Funktionsstörung der Bauchspeicheldrüse
vorliegt, die sich durch eine übermässige
Insulinab-sonderung äussert. Unsere
Ernährungsstrategie besteht nun darin, die
Lebensmittel mit einem hohen glykämischen
Index zu meiden und die Lebensmittel zu
bevorzugen, die einen niedrigen glykämischen
Index aufweisen ()”.
Montignac M Ich esse um abzunehmen. Artulen-Verlag, Offenburg; 1994, S99
Dr. C.P. Davis
Glucose Physiology

Obligatory requirement for glucose, approaching 200 g/d


Metabolic demands of the brain
Acute hypoglycemia: blood glucose level below 2.2 mmol/l
Coma, seizure, death
Acute hyperglycemia: blood glucose level above 10.0 mmol/l
Immediate reaction: glycosuria
Long term reaction: renal failure, retinopathy, atherosclerosis
Hyperglycemia stimulates insulin secretion, promoting uptake of
glucose by muscle and adipose tissue
Hypoglycemia elicits secretion of glucagon, epinephrine, cortisol,
and growth hormone antagonizing insulin action and restoring
normoglycemia

Wilson JD et al. Textbook of Endocrinology. WB Saunders; 1998


Dr. C.P. Davis
Definitions: Glycemic index

Glycemic index is defined as the


incremental area under the glucose
response curve for 2 hours after a
standard amount (50 g) of carbohydrate
from a test food relative to that of a
control food (either white bread or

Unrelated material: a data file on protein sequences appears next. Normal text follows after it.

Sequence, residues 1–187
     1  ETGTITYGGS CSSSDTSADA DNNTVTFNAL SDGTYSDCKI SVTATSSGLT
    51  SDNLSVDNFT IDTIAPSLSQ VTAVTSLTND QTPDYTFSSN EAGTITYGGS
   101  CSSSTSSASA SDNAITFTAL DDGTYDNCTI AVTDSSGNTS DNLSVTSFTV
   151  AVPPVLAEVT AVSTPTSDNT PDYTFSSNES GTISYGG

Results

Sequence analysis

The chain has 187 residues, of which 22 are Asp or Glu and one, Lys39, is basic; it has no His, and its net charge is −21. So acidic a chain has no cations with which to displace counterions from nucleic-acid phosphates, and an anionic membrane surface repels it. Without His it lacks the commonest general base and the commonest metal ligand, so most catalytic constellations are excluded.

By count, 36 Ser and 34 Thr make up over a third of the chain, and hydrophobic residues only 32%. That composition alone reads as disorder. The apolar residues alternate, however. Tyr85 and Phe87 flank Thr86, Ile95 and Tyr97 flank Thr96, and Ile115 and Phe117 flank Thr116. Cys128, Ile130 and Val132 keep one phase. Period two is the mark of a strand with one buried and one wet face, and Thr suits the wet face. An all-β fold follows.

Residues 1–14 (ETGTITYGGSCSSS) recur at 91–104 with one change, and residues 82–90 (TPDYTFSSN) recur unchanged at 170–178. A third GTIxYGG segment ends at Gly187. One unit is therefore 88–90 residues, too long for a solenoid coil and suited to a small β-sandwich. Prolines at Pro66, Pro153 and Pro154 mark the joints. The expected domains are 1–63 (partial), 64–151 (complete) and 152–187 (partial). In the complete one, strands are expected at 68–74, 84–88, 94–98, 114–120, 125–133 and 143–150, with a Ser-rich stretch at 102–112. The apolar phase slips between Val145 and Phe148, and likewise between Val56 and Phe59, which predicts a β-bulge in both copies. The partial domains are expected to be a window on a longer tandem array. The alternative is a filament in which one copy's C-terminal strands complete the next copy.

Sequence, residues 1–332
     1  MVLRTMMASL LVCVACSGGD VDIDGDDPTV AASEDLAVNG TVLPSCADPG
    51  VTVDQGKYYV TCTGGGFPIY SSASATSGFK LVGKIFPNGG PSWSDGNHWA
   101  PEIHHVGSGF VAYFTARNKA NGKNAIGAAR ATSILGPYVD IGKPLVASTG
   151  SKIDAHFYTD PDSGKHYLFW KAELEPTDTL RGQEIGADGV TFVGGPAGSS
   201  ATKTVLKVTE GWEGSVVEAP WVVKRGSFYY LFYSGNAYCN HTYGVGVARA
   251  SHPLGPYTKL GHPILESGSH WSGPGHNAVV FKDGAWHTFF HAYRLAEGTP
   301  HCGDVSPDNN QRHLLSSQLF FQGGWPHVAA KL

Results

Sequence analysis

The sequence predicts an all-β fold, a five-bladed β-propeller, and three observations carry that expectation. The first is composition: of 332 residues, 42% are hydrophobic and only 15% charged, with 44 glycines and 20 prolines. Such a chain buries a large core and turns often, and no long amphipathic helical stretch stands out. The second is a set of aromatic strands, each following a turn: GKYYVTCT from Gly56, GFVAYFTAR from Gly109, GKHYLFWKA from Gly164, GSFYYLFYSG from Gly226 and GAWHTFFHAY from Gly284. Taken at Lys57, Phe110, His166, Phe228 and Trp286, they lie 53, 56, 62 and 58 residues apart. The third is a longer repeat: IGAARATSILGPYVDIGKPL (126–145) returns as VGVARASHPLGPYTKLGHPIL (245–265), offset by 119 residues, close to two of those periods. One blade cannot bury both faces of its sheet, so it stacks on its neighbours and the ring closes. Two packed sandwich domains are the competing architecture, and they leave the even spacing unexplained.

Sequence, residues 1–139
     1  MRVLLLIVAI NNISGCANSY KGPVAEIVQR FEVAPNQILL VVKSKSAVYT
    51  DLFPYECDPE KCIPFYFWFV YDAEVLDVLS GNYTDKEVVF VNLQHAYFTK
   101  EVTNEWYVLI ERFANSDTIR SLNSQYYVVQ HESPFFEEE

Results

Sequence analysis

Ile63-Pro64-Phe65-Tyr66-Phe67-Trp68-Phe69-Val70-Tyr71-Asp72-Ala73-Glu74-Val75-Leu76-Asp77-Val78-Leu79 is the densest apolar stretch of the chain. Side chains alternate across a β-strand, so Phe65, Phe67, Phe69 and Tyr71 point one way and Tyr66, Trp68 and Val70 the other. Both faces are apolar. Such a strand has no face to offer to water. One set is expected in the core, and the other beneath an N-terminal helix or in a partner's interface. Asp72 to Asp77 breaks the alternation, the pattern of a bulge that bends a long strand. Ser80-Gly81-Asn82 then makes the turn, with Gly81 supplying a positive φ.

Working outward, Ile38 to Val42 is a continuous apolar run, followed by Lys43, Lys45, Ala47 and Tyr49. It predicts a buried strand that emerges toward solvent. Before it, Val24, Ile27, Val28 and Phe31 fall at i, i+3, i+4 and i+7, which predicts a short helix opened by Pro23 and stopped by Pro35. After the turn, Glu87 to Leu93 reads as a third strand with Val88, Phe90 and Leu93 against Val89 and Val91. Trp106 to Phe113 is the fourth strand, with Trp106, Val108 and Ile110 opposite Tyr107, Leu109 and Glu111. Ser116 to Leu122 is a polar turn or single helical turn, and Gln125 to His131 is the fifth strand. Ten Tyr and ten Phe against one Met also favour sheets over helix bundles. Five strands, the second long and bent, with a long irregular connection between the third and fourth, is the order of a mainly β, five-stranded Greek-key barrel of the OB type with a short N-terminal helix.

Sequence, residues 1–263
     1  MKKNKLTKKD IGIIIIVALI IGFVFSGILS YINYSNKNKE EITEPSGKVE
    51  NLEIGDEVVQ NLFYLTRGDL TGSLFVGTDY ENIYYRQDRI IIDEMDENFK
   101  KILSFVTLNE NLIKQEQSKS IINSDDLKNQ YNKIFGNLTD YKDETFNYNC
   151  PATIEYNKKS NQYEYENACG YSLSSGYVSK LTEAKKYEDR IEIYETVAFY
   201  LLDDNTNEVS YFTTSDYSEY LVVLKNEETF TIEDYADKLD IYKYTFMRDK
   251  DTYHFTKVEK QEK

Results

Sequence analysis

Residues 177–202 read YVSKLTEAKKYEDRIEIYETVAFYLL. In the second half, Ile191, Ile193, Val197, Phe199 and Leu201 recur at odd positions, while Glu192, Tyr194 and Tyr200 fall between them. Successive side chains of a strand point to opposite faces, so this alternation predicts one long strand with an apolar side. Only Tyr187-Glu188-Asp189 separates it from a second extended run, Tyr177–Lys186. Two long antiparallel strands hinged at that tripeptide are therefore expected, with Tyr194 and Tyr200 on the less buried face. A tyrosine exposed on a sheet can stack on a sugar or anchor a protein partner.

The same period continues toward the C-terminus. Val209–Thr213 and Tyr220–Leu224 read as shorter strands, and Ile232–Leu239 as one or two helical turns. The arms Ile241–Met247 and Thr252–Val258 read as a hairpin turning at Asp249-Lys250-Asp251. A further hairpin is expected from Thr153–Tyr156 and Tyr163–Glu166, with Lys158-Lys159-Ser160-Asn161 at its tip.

glucose) is consumed

Dr. C.P. Davis


Glycemic and Insulinemic
Responses After Ingestion of
Carbohydrates

Responses were measured after ingestion of 50 g of CHD as white bread or


spaghetti made from the identical ingredients

Ludwig, D. S. JAMA 2002;287:2414-2423.


Dr. C.P. Davis
Definitions: Glycemic load

Glycemic load is defined as the


weighted average glycemic index of
individual foods multiplied by the
percentage of dietary energy as
carbohydrate

Dr. C.P. Davis


Glycemic Index and Glycemic Load:
Values of Representative Foods

Glycemic load is calculated as the glycemic index multiplied by grams of COH


per serving size, indicated in parentheses, divided by 100%.

Ludwig, D. S. JAMA 2002;287:2414-2423.


Dr. C.P. Davis
Glycemic Index and Glycemic Load:
Is the Concept Valid?

All portions had the same dietary glycemic load as


one slice of white bread.
Brand-Miller JC et al J Nutr. 2003 Sep;133(9):2728-32
Dr. C.P. Davis
Glycemic Index and Glycemic Load:
Is the Concept Valid?

Human subjects received 10 different foods in portion sizes calculated to be